Looking for the best deal? Some might suggest that the longer a home has been on the market, the more flexible the sellers might be on price. Here are the "best buys" in that regard . . .
Negotiating a contract can take place verbally, or in writing -- there are advantages and disadvantages of each strategy.
Almost always, the (prospective) buyer makes the first move in negotiations -- I suggest that it takes place in written form. A buyer can certainly make a verbal offer on a property, but putting the offer in writing has several benefits:
When it comes to further negotiating the terms of a contract -- after the offer has been made -- oftentimes it can be more helpful to do so verbally. A few things to consider:
Lots of people consider buying investment properties -- and in Harrisonburg many people start by investigating college housing. Some don't end up buying, and here is why . . .
Most of the student housing that exists in Harrisonburg today is corporately owned --- each unit isn't owned by one or more people, the entire complex is owned by a corporation. Thus, if we look just at housing for JMU students, where individual housing units can be purchased, the choices quickly become boiled down to:
Limited Monthly Cash Flow
Many investors aim to at least break even on a monthly basis -- they don't want to be losing money each month that they own an investment property. With this assumption, let's take a look at how the cash flow might work on a monthly basis for 1346-D Hunters Road, one example of a Hunters Ridge condominium for sale as of 12/20/2007.
Price of $105k, 80% financed at 7.25%, self-managed
Rental Income + $770
Mortgage (Principal & Interest) - $573
Condo Association Fee - $155
Real Estate Taxes - $45
Insurance - $35
Monthly Profit - $38 (a small loss)
However, many potential investors call and indicate that they only want to use a 10% down payment, and that they plan to have a property management company take care of the property. Things get worse . . .
Price of $105k, 90% financed at 7.25%, property management
Rental Income + $770
Mortgage (Principal & Interest) - $645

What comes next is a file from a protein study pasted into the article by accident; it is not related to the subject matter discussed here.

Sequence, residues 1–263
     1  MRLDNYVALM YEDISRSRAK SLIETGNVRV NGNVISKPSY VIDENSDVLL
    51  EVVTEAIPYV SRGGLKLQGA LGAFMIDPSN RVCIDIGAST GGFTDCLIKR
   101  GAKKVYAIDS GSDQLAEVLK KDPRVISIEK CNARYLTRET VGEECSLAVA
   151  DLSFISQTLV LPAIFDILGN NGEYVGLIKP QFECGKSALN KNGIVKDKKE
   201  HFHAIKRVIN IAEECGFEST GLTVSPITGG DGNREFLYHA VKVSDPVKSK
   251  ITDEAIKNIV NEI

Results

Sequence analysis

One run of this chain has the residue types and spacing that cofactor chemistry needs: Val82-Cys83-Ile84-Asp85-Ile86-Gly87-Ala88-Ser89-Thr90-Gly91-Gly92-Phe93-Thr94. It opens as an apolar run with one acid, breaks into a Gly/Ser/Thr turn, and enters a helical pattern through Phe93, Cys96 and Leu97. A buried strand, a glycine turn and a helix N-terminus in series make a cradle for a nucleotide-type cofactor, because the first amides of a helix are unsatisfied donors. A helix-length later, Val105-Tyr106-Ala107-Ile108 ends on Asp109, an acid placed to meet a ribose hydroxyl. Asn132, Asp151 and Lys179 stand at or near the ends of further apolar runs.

Condo Association Fee - $155
Property Management - $77
Real Estate Taxes - $45
Insurance - $35
Monthly Profit - $225 (a big loss)
With these monthly losses, you might wonder why someone would buy an investment property. There are a lot of possible reasons why someone might buy, or why the numbers might work differently for them:
Construction is booming on Old Furnace Road --- making way for "Latitude 38", a 228-unit, 800+ bedroom complex of student housing for JMU students.
Some public details of the development were highlighted in the Daily News Record in August. The project is being developed by Franklin Holdings out of Charlotte, NC.
Apparently they developers didn't read this, as they reference an increase of 4,000 students "over the next few years", whereas SCHEV's FTE Regular Session numbers would suggest that even all the way through 2013/2014 we'll only see a growth of 2,787 students.
One thing is for sure --- students at James Madison University will certainly have a lot of housing choices in the coming years!
A friend (thanks Randy) pointed me to an interesting article published last month by Fortune Magazine that used some interesting data analysis to come to the conclusion that home values in most markets will "fall by double digits over the next five years."
Lots of questions come to mind rather quickly . . .
Both Richmond and D.C. are specifically studied and referenced to have large drops in home vales --- will this have a ripple effect on the Shenandoah Valley?
It certainly could --- if the changes happen that this article predicts. According to Fortune's study, Richmond home values will drop by 22.3% over the next five years, and Greater D.C. area home values will drop by 25.1% in the same time frame. This could translate into a slow down in the upper end of our market, as many buyers come from these two metro areas to relocate or retire to the Central Shenandoah Valley. (This is already a segment of the market that is over-supplied --- having fewer buyers certainly won't help!)
The analysis seems a bit drastic --- is this really grounded in good math?